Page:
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The tax burden in Austria increased by 0.5 percentage points from 42.5% to 43.0% in 2014. The corresponding figures for the OECD average were an increase of 0.2 percentage points from 34.2% to 34.4%.
The 2015 edition introduces more detailed analysis of participation in early childhood and tertiary levels of education. The report also examines first generation tertiary-educated adults’ educational and social mobility, labour market outcomes for recent graduates, and participation in employer-sponsored formal and/or non-formal education.
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Das österreichische Gesundheitssystem gewährleistet einen niederschwelligen Zugang zur Gesundheitsversorgung, es gibt jedoch Verbesserungspotenzial bei der Qualität der Krebsversorgung sowie der Reduktion von Spitalsaufnahmen durch die Stärkung der medizinischen Primärversorgung.
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The Austrian health system generally provides good access to care, but the quality of care might be improved in the area of cancer care and in reducing hospital admission rates for chronic conditions by strengthening primary care.
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This note presents selected findings based on the set of well-being indicators published in How's Life? 2015.
Tackling mental ill-health of the working-age population is becoming a key issue for labour market and social policies in OECD countries. OECD governments increasingly recognise that policy has a major role to play in keeping people with mental ill-health in employment or bringing those outside of the labour market back to it, and in preventing mental illness. This report on Austria is the eighth in a series of reports looking at how the broader education, health, social and labour market policy challenges identified in Sick on the Job? Myths and Realities about Mental Health and Work (OECD, 2012) are being tackled in a number of OECD countries. It concludes that the Austrian system provides good opportunities in principle for improving labour market inclusion of people with mental ill-health but that structural fragmentation of responsibilities limits the means of the federal government to develop coherent health and work policies. Successful structural reform requires including a range of actors responsible for policy implementation to achieve coordination across institutions and better integrated service delivery.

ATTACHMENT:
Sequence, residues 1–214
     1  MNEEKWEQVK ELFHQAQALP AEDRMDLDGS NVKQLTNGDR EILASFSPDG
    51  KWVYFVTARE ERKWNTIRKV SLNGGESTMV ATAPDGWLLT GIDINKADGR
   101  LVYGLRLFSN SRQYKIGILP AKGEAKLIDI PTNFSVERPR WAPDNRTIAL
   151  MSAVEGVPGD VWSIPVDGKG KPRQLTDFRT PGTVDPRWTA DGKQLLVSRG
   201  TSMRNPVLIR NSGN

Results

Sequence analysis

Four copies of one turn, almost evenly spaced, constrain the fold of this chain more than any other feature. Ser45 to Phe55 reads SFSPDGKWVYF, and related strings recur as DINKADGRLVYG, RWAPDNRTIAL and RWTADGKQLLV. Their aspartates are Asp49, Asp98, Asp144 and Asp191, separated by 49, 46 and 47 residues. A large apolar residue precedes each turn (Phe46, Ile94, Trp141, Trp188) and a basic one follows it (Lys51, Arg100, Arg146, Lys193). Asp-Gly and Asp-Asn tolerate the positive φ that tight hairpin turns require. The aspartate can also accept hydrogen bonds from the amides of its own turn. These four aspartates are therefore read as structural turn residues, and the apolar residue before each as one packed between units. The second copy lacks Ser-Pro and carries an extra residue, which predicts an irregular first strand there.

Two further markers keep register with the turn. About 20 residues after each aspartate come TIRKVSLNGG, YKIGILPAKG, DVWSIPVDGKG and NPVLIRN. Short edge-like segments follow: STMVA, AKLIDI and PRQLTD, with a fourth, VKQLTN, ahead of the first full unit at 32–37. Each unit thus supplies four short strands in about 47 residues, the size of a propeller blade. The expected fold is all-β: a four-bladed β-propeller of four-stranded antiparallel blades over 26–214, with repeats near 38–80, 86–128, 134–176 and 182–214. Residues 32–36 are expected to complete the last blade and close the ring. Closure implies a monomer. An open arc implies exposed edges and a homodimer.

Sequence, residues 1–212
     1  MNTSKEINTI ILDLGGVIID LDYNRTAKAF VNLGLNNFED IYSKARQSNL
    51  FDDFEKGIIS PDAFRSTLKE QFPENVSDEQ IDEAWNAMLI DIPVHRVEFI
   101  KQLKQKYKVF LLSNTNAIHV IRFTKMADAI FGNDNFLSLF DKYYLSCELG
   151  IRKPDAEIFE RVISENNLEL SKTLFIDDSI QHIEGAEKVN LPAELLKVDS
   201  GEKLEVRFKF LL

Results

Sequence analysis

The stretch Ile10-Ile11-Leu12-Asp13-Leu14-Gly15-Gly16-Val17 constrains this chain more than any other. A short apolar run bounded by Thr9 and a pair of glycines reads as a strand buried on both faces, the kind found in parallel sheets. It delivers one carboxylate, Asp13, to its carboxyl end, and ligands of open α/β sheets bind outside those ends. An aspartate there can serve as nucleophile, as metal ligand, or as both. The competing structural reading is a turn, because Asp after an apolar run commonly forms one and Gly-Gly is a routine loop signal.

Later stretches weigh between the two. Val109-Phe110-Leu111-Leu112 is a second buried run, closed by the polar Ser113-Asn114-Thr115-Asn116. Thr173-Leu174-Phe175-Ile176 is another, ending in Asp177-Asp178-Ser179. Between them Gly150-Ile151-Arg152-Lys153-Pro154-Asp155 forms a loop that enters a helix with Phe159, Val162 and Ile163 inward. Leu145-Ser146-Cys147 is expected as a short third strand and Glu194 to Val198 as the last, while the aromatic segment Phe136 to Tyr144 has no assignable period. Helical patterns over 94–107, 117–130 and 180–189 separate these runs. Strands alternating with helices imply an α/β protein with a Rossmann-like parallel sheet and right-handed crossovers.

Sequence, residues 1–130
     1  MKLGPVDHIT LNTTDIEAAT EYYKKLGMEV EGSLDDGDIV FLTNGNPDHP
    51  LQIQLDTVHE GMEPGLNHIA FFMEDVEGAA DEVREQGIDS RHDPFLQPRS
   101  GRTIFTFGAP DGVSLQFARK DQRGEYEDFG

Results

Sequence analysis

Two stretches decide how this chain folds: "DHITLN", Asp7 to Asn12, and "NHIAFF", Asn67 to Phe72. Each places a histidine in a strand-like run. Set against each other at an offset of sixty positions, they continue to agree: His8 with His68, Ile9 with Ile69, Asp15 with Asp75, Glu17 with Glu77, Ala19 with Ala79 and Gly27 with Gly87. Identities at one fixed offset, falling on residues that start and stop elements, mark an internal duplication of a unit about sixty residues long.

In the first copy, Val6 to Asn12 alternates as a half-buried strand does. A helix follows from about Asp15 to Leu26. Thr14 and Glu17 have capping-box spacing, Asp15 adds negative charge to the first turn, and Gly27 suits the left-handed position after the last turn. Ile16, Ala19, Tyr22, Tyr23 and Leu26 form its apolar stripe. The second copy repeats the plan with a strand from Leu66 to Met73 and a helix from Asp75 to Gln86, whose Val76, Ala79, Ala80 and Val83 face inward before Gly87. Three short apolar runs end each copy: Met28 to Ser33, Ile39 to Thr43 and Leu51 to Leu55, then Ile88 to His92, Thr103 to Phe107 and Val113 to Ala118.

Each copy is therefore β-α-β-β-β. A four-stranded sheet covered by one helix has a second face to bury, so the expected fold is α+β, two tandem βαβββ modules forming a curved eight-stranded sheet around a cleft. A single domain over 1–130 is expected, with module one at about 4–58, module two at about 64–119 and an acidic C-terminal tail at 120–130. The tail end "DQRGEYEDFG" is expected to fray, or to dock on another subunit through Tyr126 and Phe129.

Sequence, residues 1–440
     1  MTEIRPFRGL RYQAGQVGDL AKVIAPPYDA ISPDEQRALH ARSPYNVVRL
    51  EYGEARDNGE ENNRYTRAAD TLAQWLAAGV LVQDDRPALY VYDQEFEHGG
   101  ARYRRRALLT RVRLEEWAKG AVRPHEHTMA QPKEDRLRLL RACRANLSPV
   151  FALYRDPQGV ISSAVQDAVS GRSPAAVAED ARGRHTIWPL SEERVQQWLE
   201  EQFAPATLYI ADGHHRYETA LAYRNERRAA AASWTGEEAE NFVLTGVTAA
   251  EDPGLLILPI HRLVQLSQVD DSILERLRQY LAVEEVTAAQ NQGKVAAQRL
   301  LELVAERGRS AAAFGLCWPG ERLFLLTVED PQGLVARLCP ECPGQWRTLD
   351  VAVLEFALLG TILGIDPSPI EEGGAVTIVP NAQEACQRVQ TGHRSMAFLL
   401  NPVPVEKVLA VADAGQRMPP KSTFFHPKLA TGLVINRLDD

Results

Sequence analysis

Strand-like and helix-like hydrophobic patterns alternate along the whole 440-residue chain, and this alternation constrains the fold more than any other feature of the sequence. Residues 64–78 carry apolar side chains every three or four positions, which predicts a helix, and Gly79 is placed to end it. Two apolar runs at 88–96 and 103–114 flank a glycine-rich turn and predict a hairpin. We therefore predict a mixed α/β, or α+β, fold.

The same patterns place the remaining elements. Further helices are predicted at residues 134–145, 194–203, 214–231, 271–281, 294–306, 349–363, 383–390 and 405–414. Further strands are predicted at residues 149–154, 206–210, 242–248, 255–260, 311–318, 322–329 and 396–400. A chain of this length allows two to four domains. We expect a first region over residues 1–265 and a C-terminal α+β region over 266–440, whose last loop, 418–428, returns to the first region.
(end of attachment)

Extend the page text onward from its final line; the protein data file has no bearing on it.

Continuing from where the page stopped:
The 2014 edition of National Accounts of OECD Countries, General Government Accounts is an annual publication, dedicated to government finance which is based on the System of National Accounts 2008 (SNA 2008) for all countries except Chile, Japan, Korea and Turkey (SNA 1993). It includes tables showing government aggregates and balances for the production, income and financial accounts as well as detailed tax and social contribution receipts and a breakdown of expenditure of general government by function, according to the harmonised international classification, COFOG. These detailed accounts are available for the general government sector. Data also cover the following sub-sectors, according to availability: central government, state government, local government and social security funds.
The data in this publication are also available on line via www.oecd-ilibrary.org under the title OECD National Accounts Statistics, General Government Accounts (http://dx.doi.org/10.1787/na-gga-data-en).
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AAustria experienced a renewed downturn in its economy and labour market between mid-2011 and late-2014, with increasing rates of unemployment largely due to slack domestic demand. But there are recent signs of a slow recovery: overall and youth unemployment rates and the incidence of long-term unemployment all started to fall in the first quarter of 2015, if only marginally, and employment continued to increase.
Specific country notes have been prepared using data from the database OECD Health Statistics 2015, July 2015 version. The notes are available in PDF format.
A dashboard of key government indicators by country, to help you analyse international comparisons of public sector performance.